Monitoring Large & Small Animals From Space

Tail of a grey whale. Image courtesy of National Oceanic and Atmospheric Administration/Department of Commerce. Photographer: Dr. Steven Swartz, NOAA/NMFS/OP

Using high resolution satellite imagery to monitor animals from space was in the news this week. We’ve written about this application of remote sensing before, but this time we’re looking at new techniques for monitoring whales and mosquitoes!

A team from the British Antarctic Survey (BAS) and the University of Cambridge published the paper Whales from space: Four mysticete species described using new VHR satellite imageryby Cubaynes et al, in the Marine Mammal Science Journal on the 27th October. This paper was also presented at the Wavelength 2018 conference earlier this year, which Chris Doyle from Pixalytics attended. The presentation delivered by Hannah Cubaynes was an interesting preview of their work and it went on to receive an award for the best oral presentation.

Counting whales from space has had limited success to date, the difference with this approach is the spatial resolution of the imagery that allowed the researchers to see the flippers and tails of whales, enabling them to differentiate four different species of whale: southern right whales, humpback whales, fin whales and grey whales. Using WorldView-3 imagery, from Maxar Technologies’ DigitalGlobe, gave a resolution of 31 cm for the panchromatic band and 1.24 m for the multispectral bands; and at 31 cm a grey whale’s tail occupies up to 10 pixels.

The team used both panchromatic and colour pan-sharpened images of where these whales gather around the world. Experienced observers helped to manually determine which objects on the images were whales based on characteristics of body length and width, flipper length and tail width, alongside surface and near surface water disturbances for each species.

They identified 211 whale-like objects in an area of almost 5,500 square kilometres, with whales from all four of their chosen species, although the Fin and grey whales were easier to identify due to their body colouration, which contrasts with surrounding water. Humpback whales and southern right whales are a much more similar colour to the water, making them harder to pick out.

Next the team are going to perform an audit of fin whales in the Ligurian Sea, part of the Mediterranean, and they know that they need to turn this methodology into an automated machine learning algorithm to improve the speed of processing. Overall, it offers great potential as whales travel huge distances and so using satellites enables the researchers to monitor a much wider area, quicker and more cost effectively than from boats or planes.

Monitoring a much smaller creature, like a mosquito, is a much harder thing. However, using satellite imagery could offer similar advantages in terms of speed and cost-effectiveness; which could be hugely beneficial given the danger to humans of the diseases they can carry.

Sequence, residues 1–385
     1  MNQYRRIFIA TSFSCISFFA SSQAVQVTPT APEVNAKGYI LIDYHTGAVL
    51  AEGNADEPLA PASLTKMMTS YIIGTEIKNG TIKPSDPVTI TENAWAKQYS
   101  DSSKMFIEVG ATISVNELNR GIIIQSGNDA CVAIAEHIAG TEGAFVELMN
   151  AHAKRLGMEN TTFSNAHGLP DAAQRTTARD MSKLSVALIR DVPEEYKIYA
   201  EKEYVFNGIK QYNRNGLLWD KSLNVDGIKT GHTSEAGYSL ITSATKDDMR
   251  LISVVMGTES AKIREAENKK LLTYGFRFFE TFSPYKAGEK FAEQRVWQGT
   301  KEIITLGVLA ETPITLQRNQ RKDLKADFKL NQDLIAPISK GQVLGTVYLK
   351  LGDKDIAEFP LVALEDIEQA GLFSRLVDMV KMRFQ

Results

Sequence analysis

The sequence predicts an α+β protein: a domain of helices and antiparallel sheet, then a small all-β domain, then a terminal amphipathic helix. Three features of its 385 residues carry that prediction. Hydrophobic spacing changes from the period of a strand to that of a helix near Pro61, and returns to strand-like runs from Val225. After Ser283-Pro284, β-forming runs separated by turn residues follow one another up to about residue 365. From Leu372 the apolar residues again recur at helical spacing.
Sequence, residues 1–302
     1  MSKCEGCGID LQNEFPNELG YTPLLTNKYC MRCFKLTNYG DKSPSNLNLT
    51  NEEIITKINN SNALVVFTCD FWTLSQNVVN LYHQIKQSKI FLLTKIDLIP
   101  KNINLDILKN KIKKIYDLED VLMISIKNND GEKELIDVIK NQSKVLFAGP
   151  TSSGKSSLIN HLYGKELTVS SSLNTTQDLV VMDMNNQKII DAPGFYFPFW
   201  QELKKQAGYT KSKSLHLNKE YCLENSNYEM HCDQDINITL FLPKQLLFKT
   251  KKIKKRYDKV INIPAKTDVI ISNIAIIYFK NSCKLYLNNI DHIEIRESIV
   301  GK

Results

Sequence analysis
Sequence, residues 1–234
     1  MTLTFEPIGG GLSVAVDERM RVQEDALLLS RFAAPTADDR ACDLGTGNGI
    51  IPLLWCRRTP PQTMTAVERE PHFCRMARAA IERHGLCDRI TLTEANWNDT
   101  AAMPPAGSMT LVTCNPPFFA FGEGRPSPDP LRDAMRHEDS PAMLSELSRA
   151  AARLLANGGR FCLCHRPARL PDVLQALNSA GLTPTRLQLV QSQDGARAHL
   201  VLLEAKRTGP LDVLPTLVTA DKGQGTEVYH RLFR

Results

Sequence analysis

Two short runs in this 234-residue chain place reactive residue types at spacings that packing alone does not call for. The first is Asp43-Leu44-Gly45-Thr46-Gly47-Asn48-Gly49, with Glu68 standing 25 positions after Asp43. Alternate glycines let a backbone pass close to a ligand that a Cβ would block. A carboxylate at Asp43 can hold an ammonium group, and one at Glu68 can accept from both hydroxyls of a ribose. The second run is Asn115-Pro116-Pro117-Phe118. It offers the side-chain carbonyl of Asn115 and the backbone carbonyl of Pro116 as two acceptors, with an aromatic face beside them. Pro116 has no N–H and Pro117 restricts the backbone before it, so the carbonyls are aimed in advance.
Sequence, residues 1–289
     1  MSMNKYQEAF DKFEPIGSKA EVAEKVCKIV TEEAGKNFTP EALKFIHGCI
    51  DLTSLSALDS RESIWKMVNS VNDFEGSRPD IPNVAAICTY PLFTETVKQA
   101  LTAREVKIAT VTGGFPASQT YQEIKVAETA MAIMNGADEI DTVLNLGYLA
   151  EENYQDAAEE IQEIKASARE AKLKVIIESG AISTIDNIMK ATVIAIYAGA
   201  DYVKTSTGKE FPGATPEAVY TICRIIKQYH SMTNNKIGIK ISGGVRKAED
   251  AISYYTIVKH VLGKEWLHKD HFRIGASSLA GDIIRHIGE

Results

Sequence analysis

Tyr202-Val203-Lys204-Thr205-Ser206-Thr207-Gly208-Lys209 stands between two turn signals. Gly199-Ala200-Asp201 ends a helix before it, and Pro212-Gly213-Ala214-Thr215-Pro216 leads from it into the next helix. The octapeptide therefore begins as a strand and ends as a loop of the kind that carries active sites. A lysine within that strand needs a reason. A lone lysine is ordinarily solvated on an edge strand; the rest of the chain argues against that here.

Again this is not something new, for example, researchers at Aberystwyth University have used remote sensing, hydrological modelling and GIS to map malaria habitats.  In this case, the Texas Department of State Health Services have turned to high resolution satellite imagery to help them to try and identify hotspots for disease bearing mosquitoes.

The State Health Services laboratory in Austin offers local counties the opportunity to have mosquitoes tested for various diseases – in particularly the Culex and Aedes species of mosquitoes. Despite this being a free service only around 20% of the counties capture, and send, mosquitoes in for testing; the process takes several days. The laboratory does thousands of tests per year, but only around 1% of the samples positive for diseases such as West Nile fever. Where positive tests occur action can be taken and the pubic warned, but limited resources are behind the low numbers of samples submitted.

A collaboration between Harris County, the Baylor College of Medicine in Houston and the ExxonMobile Foundation is using remote sensing to try and determine whether you can anticipate areas of likely disease. Sarah Gunter from Baylor College of Medicine has used high resolution imagery to develop a predictive model for the potential hotspots of Aedes and Culex mosquitoes using multiband imagery, including infrared, to develop information about vegetation growth and water that are both important for mosquito breeding.

Based on this model, the Harris County Mosquito and Vector Control Division placed traps in three locations chosen by the research team to test how accurate the model’s predications were. There will be another round of testing next summer, before results are released, but success could herald a new approach to monitoring the habitats of disease-carrying insects.

These two cutting edge research projects demonstrate the potential societal benefits that can be achieved through satellite remote sensing.

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